In the grand tradition of Justice League friendships, a la Blue Beetle and Booster Gold, I expected to but didn't like as much the relationship between Cyborg and Shazam. Billy Batson, as Shazam, is a sarcastic little kid here, which I appreciate as a turn from his goody-two-shoes origin, but I didn't feel that meshed with what we knew of the more mature, and somewhat buttoned-up, Cyborg. At the same time, I frankly love Johns portraying Flash Barry Allen as the "Green Lantern expert" in Hal Jordan's absence, playing mentor to the new Power Ring. Johns also offers a couple scenes between Lex Luthor and Wonder Woman, in which Diana seems to handle Luthor less emotionally and more straightforward than Superman or Batman; I wondered if Johns was playing with some aspect of Diana as a warrior that respected or at least understood Luthor's "victory at all costs" outlook.

Artist Jason Fabok (Detective Comics) continues his meteoric rise at DC Comics with his highest-profile book so far. Fabok's work reminds of the best aspects of David Finch's, and much of the inherent paranoia of "Amazo Virus" is due to Fabok's images of wide, deserted streets, drizzling rain, and scientists in hazmat suits. If anything, though "Amazo Virus" is a necessarily dour story, at times Fabok's art seemed maybe too controlled to me, or too traditionally "realistic"; I'd be curious to see what Fabok "letting loose" or going "zany" might look like, especially as Johns's Darkseid War story gets more cosmic. I did wonder about Fabok's choice to put Wonder Woman in a "battle skirt"; I'm not sure if that's better/worse or more/less unlikely than her traditional costume, but it was odd to have the general depiction of Wonder Woman change mid-story with no explanation.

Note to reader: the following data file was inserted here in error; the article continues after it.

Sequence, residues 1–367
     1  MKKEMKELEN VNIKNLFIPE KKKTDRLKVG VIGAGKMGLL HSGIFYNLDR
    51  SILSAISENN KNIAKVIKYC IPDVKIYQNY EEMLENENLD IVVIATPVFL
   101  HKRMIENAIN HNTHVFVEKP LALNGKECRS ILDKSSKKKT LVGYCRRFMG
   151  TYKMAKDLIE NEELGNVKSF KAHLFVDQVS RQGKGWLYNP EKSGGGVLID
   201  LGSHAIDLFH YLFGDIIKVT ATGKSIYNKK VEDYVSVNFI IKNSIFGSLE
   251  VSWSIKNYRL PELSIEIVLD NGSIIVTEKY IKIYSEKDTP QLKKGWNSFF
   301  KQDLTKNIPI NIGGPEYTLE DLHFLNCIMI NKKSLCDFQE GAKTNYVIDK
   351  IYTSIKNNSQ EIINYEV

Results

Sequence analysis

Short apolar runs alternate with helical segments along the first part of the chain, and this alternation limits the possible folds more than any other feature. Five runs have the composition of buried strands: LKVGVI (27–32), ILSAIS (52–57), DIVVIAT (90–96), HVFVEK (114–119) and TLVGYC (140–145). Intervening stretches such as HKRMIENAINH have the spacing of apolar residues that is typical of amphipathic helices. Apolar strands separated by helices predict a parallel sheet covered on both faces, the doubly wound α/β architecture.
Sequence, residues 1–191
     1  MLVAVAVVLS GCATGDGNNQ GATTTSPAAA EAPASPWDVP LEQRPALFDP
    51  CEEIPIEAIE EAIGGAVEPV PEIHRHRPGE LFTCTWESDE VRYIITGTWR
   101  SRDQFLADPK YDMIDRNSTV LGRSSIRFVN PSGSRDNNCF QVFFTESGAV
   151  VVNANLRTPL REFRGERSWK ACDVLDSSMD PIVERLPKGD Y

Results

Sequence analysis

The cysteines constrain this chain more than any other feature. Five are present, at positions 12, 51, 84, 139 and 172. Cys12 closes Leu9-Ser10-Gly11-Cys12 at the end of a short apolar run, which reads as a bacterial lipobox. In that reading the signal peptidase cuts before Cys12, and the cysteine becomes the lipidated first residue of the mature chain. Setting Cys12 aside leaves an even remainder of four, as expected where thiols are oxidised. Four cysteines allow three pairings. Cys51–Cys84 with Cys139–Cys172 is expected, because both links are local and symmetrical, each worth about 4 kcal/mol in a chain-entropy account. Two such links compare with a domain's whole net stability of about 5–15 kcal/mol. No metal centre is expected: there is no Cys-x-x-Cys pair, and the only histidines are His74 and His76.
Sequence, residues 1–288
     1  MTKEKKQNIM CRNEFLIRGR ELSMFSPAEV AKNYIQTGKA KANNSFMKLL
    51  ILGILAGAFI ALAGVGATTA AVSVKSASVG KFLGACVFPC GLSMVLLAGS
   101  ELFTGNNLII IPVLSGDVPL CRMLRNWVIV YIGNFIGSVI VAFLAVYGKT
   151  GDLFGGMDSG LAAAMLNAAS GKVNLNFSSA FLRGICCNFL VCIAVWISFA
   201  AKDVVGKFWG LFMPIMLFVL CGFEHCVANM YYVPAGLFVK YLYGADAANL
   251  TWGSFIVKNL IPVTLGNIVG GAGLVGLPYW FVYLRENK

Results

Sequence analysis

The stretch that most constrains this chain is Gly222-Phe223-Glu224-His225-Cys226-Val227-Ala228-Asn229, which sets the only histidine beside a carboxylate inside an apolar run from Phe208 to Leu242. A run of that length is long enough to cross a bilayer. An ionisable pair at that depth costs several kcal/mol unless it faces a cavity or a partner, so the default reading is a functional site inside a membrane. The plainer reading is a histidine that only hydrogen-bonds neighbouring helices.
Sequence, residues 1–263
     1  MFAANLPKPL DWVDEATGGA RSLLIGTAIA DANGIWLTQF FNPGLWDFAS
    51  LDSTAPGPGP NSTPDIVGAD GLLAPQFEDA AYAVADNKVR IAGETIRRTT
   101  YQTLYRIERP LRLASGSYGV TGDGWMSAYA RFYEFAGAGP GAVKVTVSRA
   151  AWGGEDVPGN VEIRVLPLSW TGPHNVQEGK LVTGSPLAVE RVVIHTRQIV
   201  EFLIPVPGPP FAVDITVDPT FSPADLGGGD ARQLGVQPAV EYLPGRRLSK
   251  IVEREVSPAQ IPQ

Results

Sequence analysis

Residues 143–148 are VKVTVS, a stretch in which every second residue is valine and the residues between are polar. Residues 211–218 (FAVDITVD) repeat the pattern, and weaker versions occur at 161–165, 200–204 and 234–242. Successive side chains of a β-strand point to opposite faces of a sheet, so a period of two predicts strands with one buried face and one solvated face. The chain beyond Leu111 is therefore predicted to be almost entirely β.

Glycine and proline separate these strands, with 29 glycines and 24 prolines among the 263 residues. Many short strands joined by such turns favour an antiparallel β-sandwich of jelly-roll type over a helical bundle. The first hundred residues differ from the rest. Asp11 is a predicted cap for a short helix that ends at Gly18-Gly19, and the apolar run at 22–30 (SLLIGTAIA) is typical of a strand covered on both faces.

Johns's "Amazo Virus" story stood well enough on its own, but it certainly makes me eager for his next use of Amazo, especially to see how the viral aspects of the Amazo disease translate to Amazo proper (pretty sure the last best use of Amazo was Mark Millar's JLA #27, some fifteen years ago). But again, all eyes on Darkseid War now. Geoff Johns's Justice League Vol. 6: Injustice League is some great Justice League; some great teaming of Superman, Batman, and Wonder Woman; and a can't-miss volume on any Lex Luthor reading list. May Justice League always be as good as this.

[Includes original and variant covers, cover and character sketches]
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3 comments:

  1. Oh this makes me very excited. Can't wait to catch up with my Justice league line.

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    1. Yeah. Vol. 5: Forever Heroes wasn't bad per se, but all tied up in crossover-ness (dittio Vol. 4: Grid and its Trinity War stuff). So if you discount those two and look straight from Throne of Atlantis to Injustice League, Justice League is doing pretty good.

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    2. we have opposite opinions on this one. i loved forever heroes \ forever evil, and since i am a huge johns and fabok fan i was really looking forward to this volume. i found it disappointing though. but i am glad you liked it =). thanks for the review!